Kasey Kahne

December 30, 2011 by staff 

Kasey KahneKasey Kahne, From to People Magazine, the entire sports and entertainment industry has been caught up in the public relations storm caused when NASCAR driver Kasey Kahne tweeted how “nasty” it was to see a woman breastfeed her child in public.

One woman on twitter responded, saying “‘I hope someday you have a kid and someone tells your wife that feeding your child looks nasty.” His answer? He called her a “dumb btch.”

Since the incident, Kahne has deleted the offensive tweet, somewhat apologized on Facebook, and even had sponsors rebuke him and state that Kahne’s views are in no way reflected by their own businesses. Kahne has already begun the process of trying to rehabilitate his image, especially with women, and move on. But for Deana, the woman who spoke out against his tirade, the fallout continues as she is accosted via Twitter and email for having the audacity to speak up for women against this hero of the racing world.

I reached out to Deana, who is a friend of mine, and asked her if she would be willing to talk about what happens when standing up for a cause suddenly puts you in the center of controversy, and what sort of fallout has come her way since.

You’re not really a “lactivist” by any means. What made you decide to respond to the Kahne tweet in the first place?

I thought Mr. Kahne’s was wrong, he saw a “nasty” bub. In reality, she was probably a woman just trying to get through her day. She has a baby in tow, ideally she probably wanted to be at home, away from prying eyes to nurse her baby. That was not possible.

What sort of reactions have you been getting from Kahne fans?

I’ve received a lot of support from tons of really great women and even some men (who are racing fans) saying nice things and even defending me. Then there are a lot men and some women who say I’m ruining his reputation, and that I should shut up. I promise folks Kasey Kahne will be fine.

What is the worst thing that has been said to you since you spoke out against Kahne’s breastfeeding tirade?

The ones that hurt the most was a gentleman (term used very loosely) who said he, “hoped my kids would die”, another one suggested that I beat my kids. A few have called me a “murderer” and a “baby killer”, because they looked at my profile and saw that I am pro-choice.Some of your new “friends” on twitter have accused you of being a “fame whore” or seeking out the limelight. What would you say to them.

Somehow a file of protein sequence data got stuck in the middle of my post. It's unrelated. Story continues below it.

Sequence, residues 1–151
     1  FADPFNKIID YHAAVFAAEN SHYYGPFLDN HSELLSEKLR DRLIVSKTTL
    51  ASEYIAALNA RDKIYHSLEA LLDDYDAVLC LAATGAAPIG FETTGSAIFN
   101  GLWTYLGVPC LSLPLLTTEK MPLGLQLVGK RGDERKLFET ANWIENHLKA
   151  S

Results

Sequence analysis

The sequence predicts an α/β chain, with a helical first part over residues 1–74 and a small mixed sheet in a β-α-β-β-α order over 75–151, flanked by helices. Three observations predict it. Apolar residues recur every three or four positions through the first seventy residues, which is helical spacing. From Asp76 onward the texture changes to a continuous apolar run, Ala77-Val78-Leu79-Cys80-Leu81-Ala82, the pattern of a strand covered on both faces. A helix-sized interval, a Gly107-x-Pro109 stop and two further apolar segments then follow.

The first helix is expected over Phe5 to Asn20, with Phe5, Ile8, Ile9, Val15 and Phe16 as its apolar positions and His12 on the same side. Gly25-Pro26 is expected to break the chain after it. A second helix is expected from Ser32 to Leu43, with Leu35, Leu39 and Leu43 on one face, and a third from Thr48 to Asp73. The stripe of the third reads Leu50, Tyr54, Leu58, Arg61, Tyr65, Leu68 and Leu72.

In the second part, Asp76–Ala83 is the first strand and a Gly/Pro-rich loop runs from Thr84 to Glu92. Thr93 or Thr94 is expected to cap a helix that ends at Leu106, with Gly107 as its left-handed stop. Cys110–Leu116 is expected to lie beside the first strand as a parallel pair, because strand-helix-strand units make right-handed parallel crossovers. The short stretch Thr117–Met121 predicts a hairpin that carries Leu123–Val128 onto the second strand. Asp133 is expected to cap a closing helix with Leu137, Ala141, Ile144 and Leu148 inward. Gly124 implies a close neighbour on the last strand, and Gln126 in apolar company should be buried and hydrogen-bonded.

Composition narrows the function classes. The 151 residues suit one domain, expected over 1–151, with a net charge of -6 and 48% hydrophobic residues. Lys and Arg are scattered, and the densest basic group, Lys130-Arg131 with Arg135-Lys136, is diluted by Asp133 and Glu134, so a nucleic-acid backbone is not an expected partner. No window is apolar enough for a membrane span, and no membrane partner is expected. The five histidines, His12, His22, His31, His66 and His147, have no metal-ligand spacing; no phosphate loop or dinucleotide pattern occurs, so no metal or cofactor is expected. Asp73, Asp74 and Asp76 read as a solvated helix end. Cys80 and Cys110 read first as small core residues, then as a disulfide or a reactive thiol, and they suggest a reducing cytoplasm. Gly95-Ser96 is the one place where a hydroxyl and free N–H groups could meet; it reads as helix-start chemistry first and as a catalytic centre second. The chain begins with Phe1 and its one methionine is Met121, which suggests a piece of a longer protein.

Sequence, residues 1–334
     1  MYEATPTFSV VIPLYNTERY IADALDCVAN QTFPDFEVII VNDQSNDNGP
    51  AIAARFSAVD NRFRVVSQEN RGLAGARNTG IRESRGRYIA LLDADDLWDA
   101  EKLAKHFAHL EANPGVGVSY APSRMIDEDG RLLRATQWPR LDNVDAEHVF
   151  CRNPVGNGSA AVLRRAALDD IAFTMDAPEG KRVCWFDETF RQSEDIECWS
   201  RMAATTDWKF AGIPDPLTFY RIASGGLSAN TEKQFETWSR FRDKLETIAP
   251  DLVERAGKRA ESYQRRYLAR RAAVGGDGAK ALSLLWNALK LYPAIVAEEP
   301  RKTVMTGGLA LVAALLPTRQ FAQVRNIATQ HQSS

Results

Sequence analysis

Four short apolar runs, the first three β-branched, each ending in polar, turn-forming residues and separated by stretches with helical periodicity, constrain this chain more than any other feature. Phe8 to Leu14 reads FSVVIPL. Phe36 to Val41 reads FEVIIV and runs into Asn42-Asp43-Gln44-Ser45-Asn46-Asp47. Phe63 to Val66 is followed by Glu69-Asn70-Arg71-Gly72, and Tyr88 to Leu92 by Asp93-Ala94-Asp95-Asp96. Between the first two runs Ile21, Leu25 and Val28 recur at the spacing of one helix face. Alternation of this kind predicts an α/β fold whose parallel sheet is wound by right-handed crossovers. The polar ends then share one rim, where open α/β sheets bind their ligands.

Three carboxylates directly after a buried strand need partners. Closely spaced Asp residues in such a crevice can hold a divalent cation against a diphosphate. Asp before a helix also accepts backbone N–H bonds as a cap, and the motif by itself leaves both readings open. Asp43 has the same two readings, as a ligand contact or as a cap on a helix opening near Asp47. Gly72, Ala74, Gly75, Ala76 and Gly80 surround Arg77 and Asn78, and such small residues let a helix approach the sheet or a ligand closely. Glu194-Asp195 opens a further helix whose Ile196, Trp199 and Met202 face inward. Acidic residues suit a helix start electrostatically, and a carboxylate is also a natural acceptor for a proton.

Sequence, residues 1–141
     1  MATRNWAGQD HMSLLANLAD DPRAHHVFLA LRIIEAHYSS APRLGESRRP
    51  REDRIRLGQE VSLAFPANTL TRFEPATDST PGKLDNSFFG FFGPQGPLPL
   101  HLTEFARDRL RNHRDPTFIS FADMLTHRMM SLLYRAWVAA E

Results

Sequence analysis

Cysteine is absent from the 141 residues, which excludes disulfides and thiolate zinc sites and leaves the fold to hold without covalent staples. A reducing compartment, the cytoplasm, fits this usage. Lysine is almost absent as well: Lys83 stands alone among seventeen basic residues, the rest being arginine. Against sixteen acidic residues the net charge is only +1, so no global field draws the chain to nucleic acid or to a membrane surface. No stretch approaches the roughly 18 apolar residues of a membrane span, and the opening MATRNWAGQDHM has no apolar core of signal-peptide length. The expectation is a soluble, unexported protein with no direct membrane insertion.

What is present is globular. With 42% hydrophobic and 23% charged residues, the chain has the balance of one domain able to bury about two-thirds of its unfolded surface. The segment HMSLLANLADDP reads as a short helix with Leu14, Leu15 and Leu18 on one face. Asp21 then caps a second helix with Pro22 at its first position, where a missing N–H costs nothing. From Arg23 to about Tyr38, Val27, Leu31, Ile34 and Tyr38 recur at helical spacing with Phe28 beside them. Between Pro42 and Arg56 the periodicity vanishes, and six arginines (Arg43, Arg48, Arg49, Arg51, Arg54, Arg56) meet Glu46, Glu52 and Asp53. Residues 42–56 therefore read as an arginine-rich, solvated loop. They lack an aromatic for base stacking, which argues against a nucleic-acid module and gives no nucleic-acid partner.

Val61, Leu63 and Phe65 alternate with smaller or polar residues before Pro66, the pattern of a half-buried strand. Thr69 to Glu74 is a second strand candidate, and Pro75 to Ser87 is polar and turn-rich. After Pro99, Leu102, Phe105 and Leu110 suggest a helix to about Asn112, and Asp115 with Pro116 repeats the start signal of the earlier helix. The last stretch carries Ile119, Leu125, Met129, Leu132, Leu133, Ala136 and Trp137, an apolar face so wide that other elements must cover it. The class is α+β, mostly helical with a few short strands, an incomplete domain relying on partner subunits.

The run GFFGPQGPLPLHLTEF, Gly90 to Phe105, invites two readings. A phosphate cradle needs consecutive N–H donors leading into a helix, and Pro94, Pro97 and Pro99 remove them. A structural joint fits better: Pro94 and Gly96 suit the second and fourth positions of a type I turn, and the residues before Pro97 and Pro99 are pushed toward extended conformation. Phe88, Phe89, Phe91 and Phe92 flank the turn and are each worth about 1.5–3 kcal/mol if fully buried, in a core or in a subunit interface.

Most of the time when a regular person tweets @ a celebrity it goes unnoticed, or we think it does, and there isn’t a reaction. I never thought, for one second, that he would react or even see that tweet. As for me “enjoying” this, I can think of 5000 things more enjoyable than some of those hate tweets. I have not liked this at all, why would anyone like this?

Why do you think that women tend to stay silent rather than respond when someone, especially someone famous, makes a comment that is offensive?

I think women stay silent because we don’t want to be viewed as “whiners” or “complainers”. Because we stay silent people, even famous ones, think it’s ok to say heinous things.

If you had foreseen everything that would happen in response to the “twitter war,” would you have still sent that tweet?

Would I have sent that knowing what I know now? Probably not, but maybe. The interaction between Mr. Kahne sparked a conversation, even if for only a few days, that needs to be had. Who knows maybe next time I’ll do it from my dog’s completely anonymous account…

The media has made the Kahne story into a fight over what happens to a celebrity when he says something that is bad for his public image. But the real story is what sort of effect a celebrity’s misogynistic comments has on emboldening his own followers and fans to believe that this is the way you treat women, either online or off. By responding to someone online by calling her a “dumb btch,” Kahne didn’t just somehow “hurt” breastfeeding mothers, he showed that the simple sexism involved in a sport that believes women’s bodies should be used to sell beer, but not feed children, is alive an well, and one that he and his fans readily embrace.

Report to Team

Please feel free to send if you have any questions regarding this post , you can contact on

Disclaimer: The views expressed on this site are that of the authors and not necessarily that of U.S.S.POST.


Comments are closed.